Engaging in cannabis use for first-year students is appealing primarily for the social experience rather than the actual high, Fontana said. The act of getting high with other people is widely perceived as being fun and social.
Additionally, there is an assumption that everyone engages in smoking regularly since students are aware that people commonly try cannabis and some of their peers smoke frequently, Fontana said.
“lf not smoking cannabis had a smell, then the normative perception would be equal because you [say] ‘shit, I smell people not smoking weed all the time,’” Fontana said.
The Princeton Review removed 62 categories in 2020 for ranking “Best Colleges,” including cannabis use, according to an April 14 email from Jeanne Krier, publicist for the Princeton Review.
Due to the COVID-19 pandemic, the Princeton Review could not adequately survey the appropriate number of students about their campus experiences, Krier stated.
The Princeton Review surveys college students countrywide on an annual basis to build rankings pertaining to academic and social life at universities, according to an Aug. 9, 2019 VTDigger article.
The Review issues a score to each college based on its students’ responses to each survey question, according to the Princeton Review College Ranking for Methodology webpage.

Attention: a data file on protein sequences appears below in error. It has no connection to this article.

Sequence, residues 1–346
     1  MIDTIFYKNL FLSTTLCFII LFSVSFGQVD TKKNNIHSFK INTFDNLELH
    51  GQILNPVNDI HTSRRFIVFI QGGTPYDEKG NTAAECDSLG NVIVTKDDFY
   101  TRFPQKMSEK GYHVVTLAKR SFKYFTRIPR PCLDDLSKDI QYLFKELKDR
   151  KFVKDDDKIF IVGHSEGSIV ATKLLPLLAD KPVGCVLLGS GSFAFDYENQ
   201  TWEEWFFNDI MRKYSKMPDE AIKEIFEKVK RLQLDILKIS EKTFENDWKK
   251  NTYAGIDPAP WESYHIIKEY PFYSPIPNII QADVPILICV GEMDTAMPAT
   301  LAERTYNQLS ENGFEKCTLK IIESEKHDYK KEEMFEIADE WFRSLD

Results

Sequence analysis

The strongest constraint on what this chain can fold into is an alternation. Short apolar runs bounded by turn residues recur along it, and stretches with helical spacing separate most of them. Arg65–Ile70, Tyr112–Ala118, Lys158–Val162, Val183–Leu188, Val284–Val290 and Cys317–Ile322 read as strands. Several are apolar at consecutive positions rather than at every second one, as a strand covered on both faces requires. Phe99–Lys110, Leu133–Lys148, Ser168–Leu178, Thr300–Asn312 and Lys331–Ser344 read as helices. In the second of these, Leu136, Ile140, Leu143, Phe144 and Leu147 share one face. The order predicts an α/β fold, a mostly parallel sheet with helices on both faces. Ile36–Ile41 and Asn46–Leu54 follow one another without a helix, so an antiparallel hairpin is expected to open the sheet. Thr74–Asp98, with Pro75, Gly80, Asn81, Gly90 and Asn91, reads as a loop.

The score is a statistic that gives a numerical basis to compare student opinions from college to college, according to the Princeton Review College Ranking for Methodology webpage.
The Princeton Review calculates its ranking lists using these scores. Colleges that have a high level of consensus among their polled students on the topic make it onto one of the 62 top 20 lists, according to the webpage.
“[The Princeton Review survey] just kind of makes a joke out of [cannabis use],” Fontana said. “[It] should be more than that. It kind of adds to just making it harder to have a real conversation about cannabis.”
Some students use cannabis for medicinal purposes and wouldn’t want to trivialize that in the survey, Fontana said.
Every year, students gather on the Redstone green to smoke cannabis on 4/20 at 4:20 p.m., a tradition that is widely documented on Instagram and Barstool Sports, according to an Aug. 15, 2019 Cynic article.
Vermont legalized cannabis possession July 1, 2018 for people 21 and over, but the University standards do not allow it on campus, according to the article.
Fontana said he conducts a survey every year at the 4/20 event asking students one question: “did you smoke weed yesterday?”
“Our data reflects that most [UVM students] aren’t there and most people there aren’t even regular partakers,” he said. “And yet, the perception is this huge crowd. This is UVM.”
There is usually an estimated crowd of 500 students on the green, which is only about 5% of the student population, Fontana said.
Thirty-eight point one percent of students who took the Cynic survey stated they’re planning to attend the 4/20 event, 20.6% responded with “maybe” and 73% of students stated they know a lot of people who are planning to attend.